Let’s start with the phrase: the undisputed, scientifically proven fact that children need loving, protective families to thrive.
The text of the bill itself is even more explicit, stating:
Science now proves conclusively that children suffer immediate, lasting, and in many cases irreversible damage from time spent living in institutions or outside of families, including reduced brain activity, reduced IQ, smaller brain size, and inability to form emotional bonds with others.
While we won’t dispute that intensive contact with adult care givers is of the utmost importance to the brain development of infants, there is no scientific consensus that living in institutions or outside families is damaging to all children.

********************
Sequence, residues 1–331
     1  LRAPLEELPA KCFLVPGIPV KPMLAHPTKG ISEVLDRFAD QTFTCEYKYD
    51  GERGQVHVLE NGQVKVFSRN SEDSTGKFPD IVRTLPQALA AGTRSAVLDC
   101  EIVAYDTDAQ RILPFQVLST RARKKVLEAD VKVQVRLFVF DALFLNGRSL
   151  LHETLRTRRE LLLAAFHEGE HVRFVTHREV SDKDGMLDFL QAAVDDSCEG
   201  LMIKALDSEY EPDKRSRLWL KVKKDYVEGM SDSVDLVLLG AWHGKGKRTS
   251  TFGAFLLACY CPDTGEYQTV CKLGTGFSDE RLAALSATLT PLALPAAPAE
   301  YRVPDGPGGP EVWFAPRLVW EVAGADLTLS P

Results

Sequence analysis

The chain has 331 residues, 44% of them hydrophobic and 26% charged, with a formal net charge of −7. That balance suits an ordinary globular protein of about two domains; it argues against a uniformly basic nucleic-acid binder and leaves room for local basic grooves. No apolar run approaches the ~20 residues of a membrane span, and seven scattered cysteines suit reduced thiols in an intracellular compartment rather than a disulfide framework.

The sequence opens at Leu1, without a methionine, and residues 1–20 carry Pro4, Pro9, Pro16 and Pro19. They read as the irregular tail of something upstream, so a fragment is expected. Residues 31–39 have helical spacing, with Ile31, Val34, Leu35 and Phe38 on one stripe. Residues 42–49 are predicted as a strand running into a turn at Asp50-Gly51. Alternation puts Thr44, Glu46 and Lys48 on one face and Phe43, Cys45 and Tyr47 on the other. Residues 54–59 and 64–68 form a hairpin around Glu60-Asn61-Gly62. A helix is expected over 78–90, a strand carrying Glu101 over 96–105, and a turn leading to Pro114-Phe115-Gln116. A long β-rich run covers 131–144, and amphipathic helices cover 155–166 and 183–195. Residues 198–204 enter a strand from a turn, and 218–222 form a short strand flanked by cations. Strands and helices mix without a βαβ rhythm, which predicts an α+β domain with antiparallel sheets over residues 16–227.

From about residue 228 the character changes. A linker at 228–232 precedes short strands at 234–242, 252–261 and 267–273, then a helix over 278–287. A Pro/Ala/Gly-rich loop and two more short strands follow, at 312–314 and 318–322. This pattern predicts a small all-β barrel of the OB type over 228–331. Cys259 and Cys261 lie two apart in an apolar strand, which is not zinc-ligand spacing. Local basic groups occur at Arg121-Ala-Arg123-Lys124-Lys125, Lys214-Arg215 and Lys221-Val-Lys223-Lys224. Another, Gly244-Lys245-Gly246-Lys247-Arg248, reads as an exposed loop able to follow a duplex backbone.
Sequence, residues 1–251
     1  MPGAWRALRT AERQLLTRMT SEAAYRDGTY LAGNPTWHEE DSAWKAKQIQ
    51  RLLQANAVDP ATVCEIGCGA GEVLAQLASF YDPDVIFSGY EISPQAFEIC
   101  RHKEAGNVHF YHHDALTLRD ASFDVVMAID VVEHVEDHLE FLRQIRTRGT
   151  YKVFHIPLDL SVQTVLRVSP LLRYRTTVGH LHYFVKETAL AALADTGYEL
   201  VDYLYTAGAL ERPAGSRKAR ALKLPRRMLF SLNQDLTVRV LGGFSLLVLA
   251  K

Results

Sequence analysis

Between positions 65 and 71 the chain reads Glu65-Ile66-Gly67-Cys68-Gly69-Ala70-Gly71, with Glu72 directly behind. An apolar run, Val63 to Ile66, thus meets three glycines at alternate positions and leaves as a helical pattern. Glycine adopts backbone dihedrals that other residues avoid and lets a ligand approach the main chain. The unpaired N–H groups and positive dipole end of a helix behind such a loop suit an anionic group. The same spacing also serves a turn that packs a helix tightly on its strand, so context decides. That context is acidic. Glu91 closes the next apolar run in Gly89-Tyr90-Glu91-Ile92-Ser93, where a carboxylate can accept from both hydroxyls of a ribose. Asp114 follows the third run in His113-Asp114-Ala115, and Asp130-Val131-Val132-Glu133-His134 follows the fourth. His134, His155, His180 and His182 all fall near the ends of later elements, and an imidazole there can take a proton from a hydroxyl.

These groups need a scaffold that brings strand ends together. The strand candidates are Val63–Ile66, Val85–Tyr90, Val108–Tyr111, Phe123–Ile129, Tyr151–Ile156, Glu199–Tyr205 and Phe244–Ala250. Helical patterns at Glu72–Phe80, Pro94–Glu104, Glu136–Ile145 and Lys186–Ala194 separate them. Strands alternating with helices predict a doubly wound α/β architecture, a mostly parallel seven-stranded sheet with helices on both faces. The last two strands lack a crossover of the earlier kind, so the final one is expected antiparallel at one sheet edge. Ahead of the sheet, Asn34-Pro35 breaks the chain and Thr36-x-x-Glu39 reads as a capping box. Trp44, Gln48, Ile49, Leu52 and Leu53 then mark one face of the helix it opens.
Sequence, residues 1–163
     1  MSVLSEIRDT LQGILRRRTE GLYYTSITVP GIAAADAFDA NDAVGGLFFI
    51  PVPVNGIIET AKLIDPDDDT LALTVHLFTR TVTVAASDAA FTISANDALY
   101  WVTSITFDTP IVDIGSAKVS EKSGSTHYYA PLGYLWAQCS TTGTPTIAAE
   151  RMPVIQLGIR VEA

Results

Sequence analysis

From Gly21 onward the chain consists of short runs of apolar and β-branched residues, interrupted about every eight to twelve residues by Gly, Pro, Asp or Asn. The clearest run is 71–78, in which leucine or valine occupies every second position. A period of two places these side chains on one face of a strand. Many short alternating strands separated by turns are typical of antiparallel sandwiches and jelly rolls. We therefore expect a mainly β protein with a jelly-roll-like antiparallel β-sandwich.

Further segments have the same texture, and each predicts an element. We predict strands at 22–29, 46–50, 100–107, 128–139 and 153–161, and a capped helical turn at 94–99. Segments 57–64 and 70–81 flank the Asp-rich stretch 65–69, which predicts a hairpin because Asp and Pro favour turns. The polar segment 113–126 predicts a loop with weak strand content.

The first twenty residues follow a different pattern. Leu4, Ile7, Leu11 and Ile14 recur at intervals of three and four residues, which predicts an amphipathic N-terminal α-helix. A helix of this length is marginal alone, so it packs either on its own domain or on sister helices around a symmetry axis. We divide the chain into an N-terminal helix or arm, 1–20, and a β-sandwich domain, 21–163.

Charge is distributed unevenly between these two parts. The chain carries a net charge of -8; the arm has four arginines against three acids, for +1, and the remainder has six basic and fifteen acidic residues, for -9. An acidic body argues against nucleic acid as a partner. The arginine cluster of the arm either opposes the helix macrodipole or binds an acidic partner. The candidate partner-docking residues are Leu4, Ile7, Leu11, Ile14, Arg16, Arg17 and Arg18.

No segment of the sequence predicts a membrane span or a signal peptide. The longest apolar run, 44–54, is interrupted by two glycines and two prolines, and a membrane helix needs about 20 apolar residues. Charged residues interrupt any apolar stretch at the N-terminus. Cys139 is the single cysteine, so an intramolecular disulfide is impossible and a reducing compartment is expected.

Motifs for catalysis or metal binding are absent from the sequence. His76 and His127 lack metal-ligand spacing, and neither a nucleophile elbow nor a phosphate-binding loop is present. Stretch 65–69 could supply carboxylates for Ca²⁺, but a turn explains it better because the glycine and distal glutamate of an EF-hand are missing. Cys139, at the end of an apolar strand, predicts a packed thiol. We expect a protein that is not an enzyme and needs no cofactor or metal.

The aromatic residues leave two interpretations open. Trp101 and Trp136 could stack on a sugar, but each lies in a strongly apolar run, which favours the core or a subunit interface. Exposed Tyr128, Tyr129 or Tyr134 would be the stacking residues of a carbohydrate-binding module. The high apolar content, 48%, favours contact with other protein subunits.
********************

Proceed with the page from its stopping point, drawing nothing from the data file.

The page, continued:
In fact, an article published in Scientific American in 2009, under the title Orphanages Rival Foster Homes for Quality Child Care, refutes the stereotype that children fail to thrive in orphanages, and in fact receive care just as good as they would in foster care or through adoption. The research leading to this result had, unlike many other studies about developmental delays of orphans, not taken place in the dark and run-down children’s homes of post-communist Eastern Europe, but in countries like Cambodia, Ethiopia, India, Kenya and Tanzania, where care was given to children in more community-based orphanages.